ARCHIVED – Backgrounders - Government of Canada 2011-12 settlement funding allocations

Citizenship and Immigration Canada funds services that help newcomers settle and adapt to life in Canada. These services include free language training, information and referrals, help finding employment that matches newcomers’ skills and education, and help integrating into Canadian society.

Settlement allocations have more than tripled, from less than $200M in 2005–06 to $600M for 2011 after being frozen for some time, and more services are being provided. For fiscal year 2011–12, approximately $600M will be allocated to support newcomers’ settlement needs in provinces and territories outside Quebec. This is $400M and 300% higher than in 2005–06.

The settlement funding allocations are determined by a formula based on the number of immigrants in each province and territory, outside Ontario and Quebec, (giving additional weight for refugees to account for their unique settlement needs) and a capacity-building amount for each jurisdiction.

In order to advance fairness and meet settlement needs across Canada, Ontario’s allocation will move to the per immigrant formula as of 2012–13, with a transition year in 2011-12.

Under the Canada Ontario Immigration Agreement, which expires March 31, 2011, the level of settlement funding was based on the number of immigrants to Ontario in 2005. Since then however, the number of immigrants to Ontario has decreased while immigration to other provinces and territories, such as Saskatchewan, Manitoba and Alberta, has gone up. This meant that in 2010–11, while Ontario received 55% of immigration to Canada (outside of Quebec); it was receiving 63% of settlement funding. The end of the existing agreement is an opportunity to ensure that settlement funding is more fairly allocated where newcomers are choosing to live. Ontario will receive over 300% more than British Columbia, which will receive the next highest allocation for 2011–12.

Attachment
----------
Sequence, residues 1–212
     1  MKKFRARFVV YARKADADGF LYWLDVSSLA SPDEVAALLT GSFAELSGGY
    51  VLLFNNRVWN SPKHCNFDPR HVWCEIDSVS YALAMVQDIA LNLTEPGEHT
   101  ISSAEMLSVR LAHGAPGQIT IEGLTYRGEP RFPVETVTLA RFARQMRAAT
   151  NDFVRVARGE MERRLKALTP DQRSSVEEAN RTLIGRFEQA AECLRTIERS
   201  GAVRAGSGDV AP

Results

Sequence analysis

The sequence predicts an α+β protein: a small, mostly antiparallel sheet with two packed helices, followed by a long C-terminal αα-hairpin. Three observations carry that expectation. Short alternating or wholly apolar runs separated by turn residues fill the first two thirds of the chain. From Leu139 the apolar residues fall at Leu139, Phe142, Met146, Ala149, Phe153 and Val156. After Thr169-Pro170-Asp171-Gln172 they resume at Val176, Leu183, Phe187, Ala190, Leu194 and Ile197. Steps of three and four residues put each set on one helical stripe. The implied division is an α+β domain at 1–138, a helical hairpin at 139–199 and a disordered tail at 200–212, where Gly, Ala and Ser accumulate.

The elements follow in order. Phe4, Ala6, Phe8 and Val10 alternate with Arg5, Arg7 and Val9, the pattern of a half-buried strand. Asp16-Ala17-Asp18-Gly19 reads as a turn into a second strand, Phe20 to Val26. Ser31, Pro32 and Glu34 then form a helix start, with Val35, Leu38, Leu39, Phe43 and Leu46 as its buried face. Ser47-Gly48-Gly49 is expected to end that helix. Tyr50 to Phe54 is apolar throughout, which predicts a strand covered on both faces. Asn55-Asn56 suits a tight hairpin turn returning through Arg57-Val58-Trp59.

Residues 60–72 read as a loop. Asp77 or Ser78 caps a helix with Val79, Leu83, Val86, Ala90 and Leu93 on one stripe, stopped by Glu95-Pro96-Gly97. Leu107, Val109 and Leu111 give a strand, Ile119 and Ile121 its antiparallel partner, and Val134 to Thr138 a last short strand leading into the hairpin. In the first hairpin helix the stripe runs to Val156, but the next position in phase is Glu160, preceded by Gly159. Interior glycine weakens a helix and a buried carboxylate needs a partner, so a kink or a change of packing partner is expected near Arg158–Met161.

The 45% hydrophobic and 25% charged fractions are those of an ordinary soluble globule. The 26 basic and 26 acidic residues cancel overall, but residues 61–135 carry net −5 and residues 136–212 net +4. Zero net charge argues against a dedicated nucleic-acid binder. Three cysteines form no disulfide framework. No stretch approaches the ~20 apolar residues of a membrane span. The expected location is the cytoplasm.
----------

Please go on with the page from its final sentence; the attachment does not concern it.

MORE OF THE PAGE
The Canada-Quebec Accord provides the Government of Quebec with an annual grant, the amount of which is calculated using a formula set out in the Accord. The grant covers settlement services, immigration and resettlement of refugees, for which Quebec is responsible. The planned amount for the 2011–12 Quebec grant will be no less than $258.4M.

The Government of Canada will continue to work with provinces and territories to maintain service delivery, improve accountability and ensure funding responds to the actual needs of newcomers.

Through the settlement and integration program, Citizenship and Immigration Canada supports programs and services to help newcomers settle and help put them on the path to successful integration into Canadian society. The Government of Canada is committed to helping new immigrants and their family succeed in our country.

The following table provides a comparison of net settlement funding allocations for provinces and territories outside of Quebec for fiscal years 2010–11 and 2011–12.

Settlement Funding Allocations

Provinces and Territories 2010-11
Net Allocation Funding
Net Allocation Funding
Newfoundland and Labrador $1,907,370 $2,223,039
Prince Edward Island $2,765,375 $3,946,142
Nova Scotia $7,097,327 $7,012,146
New Brunswick $4,715,257 $5,179,369
Ontario $390,399,141 $346,521,868
Manitoba $29,429,097 $32,027,618
Saskatchewan $10,127,313 $14,255,519
Alberta $60,048,771 $64,071,989
British Columbia $114,079,030 $105,558,092
Northwest Territories $633,079 $672,976
Nunavut $459,975 $463,377
Yukon $597,624 $709,534
Sub total $622,259,360 $582,641,669
Innovations Fund managed by CIC NHQ (*) $29,361,808 $16,028,557
Total $651,621,167 $598,670,226

*The Innovation Fund was established to support national projects, overseas initiatives, departmental priorities and activities related to the Foreign Credentials Referral Office.

For further information (media only), please contact:

Alykhan Velshi
Minister’s Office
Citizenship and Immigration Canada

Media Relations
Communications Branch
Citizenship and Immigration Canada


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